xxxvii. Stones From The Gallows

xxxvii. Stones From The Gallows

The three women scaled the rest of the way up the slate shingles to the gargoyle weather-vane, where they could see to the distant edges of the woodland in every direction. The night was crisp.

They clung to each other with arms around the gothic wind-gauge―praying to themselves that they made it through the horrors of the day. As the storm steadily intensified tenfold, raging strong all around them, they each made prayers.

Eva shivered in shock―staring off into the sky’s tumult, as lightning crashed across the Forest crown―from Miramar to Evyl Falls of the Payne. She thought of Seven and all of their memories together.

Aly hung on to hope bravely, thinking of Olin and close they had come that day to rekindling their rocky romance. But now it looked as if she had lost him again for all time to the bitch Silverskin.

Marietta grimly stayed strong for the girls, for she knew how how hearts hurt so, and all she wanted now was for it to be over. She longed for Godwin even now so soon as she had seen him, but it was over.

All three of them just wanted to get as far away as was humanly possible from this terrible Lady Faye of French’s Forest.

Eva just wanted to be home again in Old York—and to never have bothered Seven about meeting his family in the first place—to never have even thought of it.

She closed her eyes now, desperately wishing she could take it all back and escape into clouds like a bird.

If she lived to see home again, she promised herself she would so forget this place for as long as she ever then lived.

Meanwhile, inside―Olin knelt down on the surface of the silver water, submitting before Faye in total surrender—shoulders hung, head slumped down low.

But just as Faye raised Ierre to strike him from life―Seven jumped from the long table, tackling Olin down under silver swirls—and Faye flung a funnel of blue fire from Ierre—just missing them as they went down below the silver swirls.

Blue flames crackled across the surface, as bubbles rose up from where Seven had tackled Olin underneath ebb.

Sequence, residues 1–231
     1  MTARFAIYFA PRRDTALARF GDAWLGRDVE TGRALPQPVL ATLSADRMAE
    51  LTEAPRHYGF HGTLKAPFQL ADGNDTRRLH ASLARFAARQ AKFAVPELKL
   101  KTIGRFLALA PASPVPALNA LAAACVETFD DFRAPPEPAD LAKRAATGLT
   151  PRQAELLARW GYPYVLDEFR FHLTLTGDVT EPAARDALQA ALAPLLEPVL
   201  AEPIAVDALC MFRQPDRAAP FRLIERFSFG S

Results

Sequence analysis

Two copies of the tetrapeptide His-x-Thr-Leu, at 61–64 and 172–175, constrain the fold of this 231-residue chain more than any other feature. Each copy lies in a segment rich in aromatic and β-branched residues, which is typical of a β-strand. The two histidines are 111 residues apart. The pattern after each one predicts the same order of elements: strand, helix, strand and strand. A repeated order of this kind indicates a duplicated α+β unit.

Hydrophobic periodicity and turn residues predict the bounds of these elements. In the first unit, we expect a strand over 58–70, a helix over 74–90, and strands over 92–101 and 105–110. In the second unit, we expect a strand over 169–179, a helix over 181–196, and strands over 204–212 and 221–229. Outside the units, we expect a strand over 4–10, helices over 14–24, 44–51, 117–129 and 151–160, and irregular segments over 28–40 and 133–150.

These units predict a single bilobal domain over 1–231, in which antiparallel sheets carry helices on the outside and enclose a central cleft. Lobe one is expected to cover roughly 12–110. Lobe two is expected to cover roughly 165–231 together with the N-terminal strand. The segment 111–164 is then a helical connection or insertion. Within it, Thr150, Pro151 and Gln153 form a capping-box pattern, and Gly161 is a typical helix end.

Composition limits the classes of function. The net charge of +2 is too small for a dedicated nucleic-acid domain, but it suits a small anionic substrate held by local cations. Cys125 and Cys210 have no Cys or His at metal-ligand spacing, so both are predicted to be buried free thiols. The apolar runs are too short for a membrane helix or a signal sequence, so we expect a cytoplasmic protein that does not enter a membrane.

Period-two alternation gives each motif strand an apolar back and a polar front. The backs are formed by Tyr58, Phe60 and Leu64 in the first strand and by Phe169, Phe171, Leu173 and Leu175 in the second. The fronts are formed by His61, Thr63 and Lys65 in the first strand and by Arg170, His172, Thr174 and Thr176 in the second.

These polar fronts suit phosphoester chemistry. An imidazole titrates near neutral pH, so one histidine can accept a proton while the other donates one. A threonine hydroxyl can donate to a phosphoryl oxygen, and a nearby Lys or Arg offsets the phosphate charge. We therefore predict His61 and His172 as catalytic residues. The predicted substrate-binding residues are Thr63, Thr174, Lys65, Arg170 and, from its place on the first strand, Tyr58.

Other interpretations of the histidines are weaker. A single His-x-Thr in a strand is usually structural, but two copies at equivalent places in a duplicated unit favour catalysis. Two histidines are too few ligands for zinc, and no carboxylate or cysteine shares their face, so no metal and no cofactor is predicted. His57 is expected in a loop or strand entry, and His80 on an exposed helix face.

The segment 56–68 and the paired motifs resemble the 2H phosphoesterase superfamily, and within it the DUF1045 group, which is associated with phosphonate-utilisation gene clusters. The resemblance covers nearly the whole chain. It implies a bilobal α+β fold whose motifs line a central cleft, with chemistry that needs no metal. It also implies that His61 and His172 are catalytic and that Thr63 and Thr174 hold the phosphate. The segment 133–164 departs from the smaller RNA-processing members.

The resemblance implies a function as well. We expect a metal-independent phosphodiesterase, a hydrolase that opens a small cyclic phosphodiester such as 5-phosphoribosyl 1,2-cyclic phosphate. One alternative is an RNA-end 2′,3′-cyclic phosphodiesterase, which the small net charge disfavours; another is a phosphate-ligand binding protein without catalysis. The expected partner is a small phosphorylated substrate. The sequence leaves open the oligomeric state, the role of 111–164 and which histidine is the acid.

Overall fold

‘Everybody surfaces eventually,’ She taunted. ‘How dare you ever keep Me from My Olin,’ she cried. ‘Damn you, Seven! He is MINE NOW!!! MINE … !!!’

For a moment, there were no more bubbles—and the surface soon stilled—but then suddenly, Seven stood up out of the water, pulling Olin with him, holding him fast in an iron arm-lock now from behind.

Olin’s skin was melting off of his skeleton from the exposure to molten silver—while Seven was beginning to feel numb in his limbs. They were in trouble.

“Let me go brother!” Olin snarled―choking and hacking—spitting up blood. “Let me go to be with Her now.”

“This is for your own good, brother.”

Faye hissed. ‘I knew you could not stand by and watch while I turned My attention to your brother. ‘JEALOUS!!!

‘Admit it—you cannot deny, Seven … Your feelings for Me remain to this very day. You have never let go …’

“I HATE YOU!” Seven snarled at Her.

“I am warning you once,” Olin hissed, straining against Seven’s grip. “You had your chance! She is mine now!”

“She’s playing you!” Seven growled.

This only infuriated Olin even more.

He thrust his head back and struck Seven squarely on the nose—drawing a font of blood. He growled in his dismay.

But Seven only redoubled his hold.

“I’m saving your life, brother …”

‘LET HIM GO!!!’ Faye boomed. ‘Why must Olin suffer for your jealous ways, Seven? Why must you ruin Our love, just to satisfy your own little greedy heart?’


“Let me go, brother,” Olin growled through gritted teeth. “Last warning …”

“Snap out of it Olin! SNAP OUT!”